Sacrifice these common misconceptions to improve your credit score this Eid, says Rajiv Raj.
Eid al Adha or Bakri Eid is upon us again which marks the celebration of total unquestioning faith of Prophet Ibrahim who was ready to sacrifice his own son at the altar to prove his love and trust in the Almighty Allah. This Eid therefore as you celebrate the festival with much fervour with your family, how about making a wow to make a ‘Qurbani’ or the sacrifice of ignorance that clouds your knowledge about credit scores.
If you do so, you are well on the path of improving your credit score.
Credit scores are a marketing gimmick and do not really matter
This is potentially the most dangerous misconception that people have about credit scores. Credit bureaus are neither selling a product or service, but are compiled on the basis of your credit history or your record of servicing your credit lines.
Credit scores thus do not need to be ‘sold’. However, they are very important for you as a consumer, because potential lenders must mandatorily refer to credit scores as a part of their credit assessment process.
This therefore means that the higher your credit score the better your chances of getting access to timely credit.
There is only one type of credit score
There is some kind of awareness about CIBIL, India’s premiere credit bureau and undoubtedly the CIBIL score which is a three digit numeric from 300-900 that is most referred to by banks while assessing your CIBIL score.
However, CIBIL is not the only credit bureau in India. Other retail credit bureaus in India are Experian and Equifax while CRIF High Mark records data related to microfinance institutions.
Financial advisors say that it is prudent to check your credit score from all three retail credit bureaus at least once annually.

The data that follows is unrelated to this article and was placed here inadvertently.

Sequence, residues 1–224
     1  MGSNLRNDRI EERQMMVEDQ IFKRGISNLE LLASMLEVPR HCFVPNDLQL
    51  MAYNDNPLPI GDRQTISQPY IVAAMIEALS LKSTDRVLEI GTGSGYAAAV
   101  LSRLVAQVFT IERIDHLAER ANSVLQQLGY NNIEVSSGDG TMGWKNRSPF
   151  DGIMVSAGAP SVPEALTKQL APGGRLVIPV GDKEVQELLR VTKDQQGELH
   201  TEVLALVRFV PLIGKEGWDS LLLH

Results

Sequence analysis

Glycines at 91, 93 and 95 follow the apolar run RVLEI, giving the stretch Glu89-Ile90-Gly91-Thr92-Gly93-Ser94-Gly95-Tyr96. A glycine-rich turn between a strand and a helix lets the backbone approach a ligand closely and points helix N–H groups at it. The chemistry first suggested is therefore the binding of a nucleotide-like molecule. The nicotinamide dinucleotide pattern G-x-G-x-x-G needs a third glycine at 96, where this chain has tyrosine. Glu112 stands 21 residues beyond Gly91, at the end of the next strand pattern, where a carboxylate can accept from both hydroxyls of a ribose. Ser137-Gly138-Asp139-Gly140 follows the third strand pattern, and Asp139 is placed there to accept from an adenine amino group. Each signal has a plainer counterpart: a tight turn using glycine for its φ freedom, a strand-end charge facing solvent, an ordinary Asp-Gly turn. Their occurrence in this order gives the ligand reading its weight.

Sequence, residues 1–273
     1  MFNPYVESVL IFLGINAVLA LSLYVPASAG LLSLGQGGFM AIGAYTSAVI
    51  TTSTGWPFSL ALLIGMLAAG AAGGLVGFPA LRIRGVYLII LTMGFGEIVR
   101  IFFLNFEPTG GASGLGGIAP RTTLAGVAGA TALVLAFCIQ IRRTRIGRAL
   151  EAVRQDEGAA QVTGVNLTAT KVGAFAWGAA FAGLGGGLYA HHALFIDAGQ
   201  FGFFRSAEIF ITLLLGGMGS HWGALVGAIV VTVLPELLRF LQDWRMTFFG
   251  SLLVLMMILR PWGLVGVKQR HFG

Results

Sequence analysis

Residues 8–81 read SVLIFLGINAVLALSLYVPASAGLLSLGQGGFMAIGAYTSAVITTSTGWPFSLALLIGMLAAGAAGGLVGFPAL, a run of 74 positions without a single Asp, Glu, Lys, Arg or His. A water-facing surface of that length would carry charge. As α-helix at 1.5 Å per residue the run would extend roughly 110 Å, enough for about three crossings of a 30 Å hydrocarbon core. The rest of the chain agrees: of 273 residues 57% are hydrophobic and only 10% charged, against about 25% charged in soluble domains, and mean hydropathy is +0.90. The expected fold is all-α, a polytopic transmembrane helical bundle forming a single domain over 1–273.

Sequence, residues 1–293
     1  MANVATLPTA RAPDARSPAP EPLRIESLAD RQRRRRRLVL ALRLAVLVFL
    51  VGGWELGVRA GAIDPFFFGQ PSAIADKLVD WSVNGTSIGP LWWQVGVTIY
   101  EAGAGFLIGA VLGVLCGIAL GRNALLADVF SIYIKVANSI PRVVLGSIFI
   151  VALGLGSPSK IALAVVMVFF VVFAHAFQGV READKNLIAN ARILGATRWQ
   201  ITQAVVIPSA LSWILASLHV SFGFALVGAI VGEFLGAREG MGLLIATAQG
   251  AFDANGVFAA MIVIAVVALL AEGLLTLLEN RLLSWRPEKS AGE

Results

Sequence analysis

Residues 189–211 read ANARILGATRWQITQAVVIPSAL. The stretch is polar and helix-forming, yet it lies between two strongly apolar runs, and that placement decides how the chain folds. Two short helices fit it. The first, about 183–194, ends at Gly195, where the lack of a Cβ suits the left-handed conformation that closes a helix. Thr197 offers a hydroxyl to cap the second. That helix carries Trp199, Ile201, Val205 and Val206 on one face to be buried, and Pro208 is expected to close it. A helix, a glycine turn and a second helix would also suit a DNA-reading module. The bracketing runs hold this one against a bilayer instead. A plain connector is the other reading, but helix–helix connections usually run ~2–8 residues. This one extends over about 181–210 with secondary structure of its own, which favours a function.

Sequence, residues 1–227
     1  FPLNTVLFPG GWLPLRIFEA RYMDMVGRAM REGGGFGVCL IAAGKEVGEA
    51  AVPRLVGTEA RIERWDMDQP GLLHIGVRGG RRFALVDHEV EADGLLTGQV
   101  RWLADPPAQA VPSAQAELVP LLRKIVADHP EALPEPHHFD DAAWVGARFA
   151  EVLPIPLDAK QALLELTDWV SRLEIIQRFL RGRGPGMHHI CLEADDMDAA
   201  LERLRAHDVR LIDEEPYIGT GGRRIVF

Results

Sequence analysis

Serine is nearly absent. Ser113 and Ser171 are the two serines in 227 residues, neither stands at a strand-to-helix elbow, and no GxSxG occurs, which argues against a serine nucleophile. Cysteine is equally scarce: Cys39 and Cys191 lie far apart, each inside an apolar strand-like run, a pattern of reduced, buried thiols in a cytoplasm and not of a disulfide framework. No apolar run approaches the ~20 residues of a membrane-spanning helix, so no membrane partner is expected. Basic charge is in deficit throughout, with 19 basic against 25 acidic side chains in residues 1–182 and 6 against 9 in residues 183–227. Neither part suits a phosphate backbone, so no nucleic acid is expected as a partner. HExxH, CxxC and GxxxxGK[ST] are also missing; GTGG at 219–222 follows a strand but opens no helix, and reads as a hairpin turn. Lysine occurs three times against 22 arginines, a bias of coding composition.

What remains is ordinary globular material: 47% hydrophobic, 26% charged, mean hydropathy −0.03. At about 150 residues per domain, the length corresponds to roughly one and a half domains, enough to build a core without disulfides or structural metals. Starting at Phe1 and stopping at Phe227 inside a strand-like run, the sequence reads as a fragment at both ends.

If I close a credit card account it does not impact my credit score
One of the factors that impact your CIBIL score is the age of the account. Thus the longer the age of your credit the better position you are in. Therefore, it is never advisable to close old credit card accounts, even if you are no longer using them as it adds to the age of your credit.
Freeze it in a cube of ice or keep it stashed away in a locker so that you cannot use it any further, but do not close it.
The higher the debt I carry on my credit card, the better is my CIBIL score
The amount of credit you use as against the total credit that has been sanctioned to you is called credit utilisation. The higher your credit utilisation, the higher is the negative impact on your score.
Credit experts therefore suggest that to keep your credit score prim and proper you should not exceed an utilisation of 30 per cent.
No credit is equal to a good credit history
This is another myth that people have regarding the use of credit. Though the younger generation is warming up to the free use of credit, there are still people who think that not availing of any credit line at all and making all cash transactions is good for one’s credit score.
This is completely untrue as not accessing any credit at all means that there is no credit history. This does not augur well for the consumer as a bank will be wary of lending to someone who has no past record of servicing loans or credit card debt.
Applying for each loan offer that I come across will be good for my credit score
On the contrary, applying for too many loans or credit cards will show you in negative light to a lender as you will be branded as ‘credit hungry’. In order to maintain a good CIBIL score, make sure that you apply for a loan or a credit card only when you need one and when you do make sure that you have the capability to make timely repayments on your credit line.
As you can see there are several misconceptions regarding credit scores. If you hold on to these notions, your CIBIL score is bound to take a hit at some time at the other. However having the correct information about credit scores and maintaining basic financial decorum will ensure that your CIBIL score remains intact and you get timely access to any kind of credit you need.
Photograph: Daniel Mennerich/Creative Commons
The author is a credit expert with 10 years of experience in personal finance and consumer banking industry and another 7 years in credit bureau sector. Rajiv was instrumental in setting up India's first credit bureau, Credit Information Bureau (India) Limited (CIBIL). He has also worked with Citibank, Canara Bank, HDFC Bank, IDBI Bank and Experian in various capacities.